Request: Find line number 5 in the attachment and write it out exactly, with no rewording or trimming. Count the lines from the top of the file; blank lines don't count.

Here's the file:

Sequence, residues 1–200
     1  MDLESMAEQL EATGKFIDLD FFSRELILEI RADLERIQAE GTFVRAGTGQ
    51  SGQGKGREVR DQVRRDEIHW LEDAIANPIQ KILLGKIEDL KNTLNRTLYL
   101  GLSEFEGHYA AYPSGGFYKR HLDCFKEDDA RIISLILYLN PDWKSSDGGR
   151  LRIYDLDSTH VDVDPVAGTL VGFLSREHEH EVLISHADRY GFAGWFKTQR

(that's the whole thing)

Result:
   151  LRIYDLDSTH VDVDPVAGTL VGFLSREHEH EVLISHADRY GFAGWFKTQR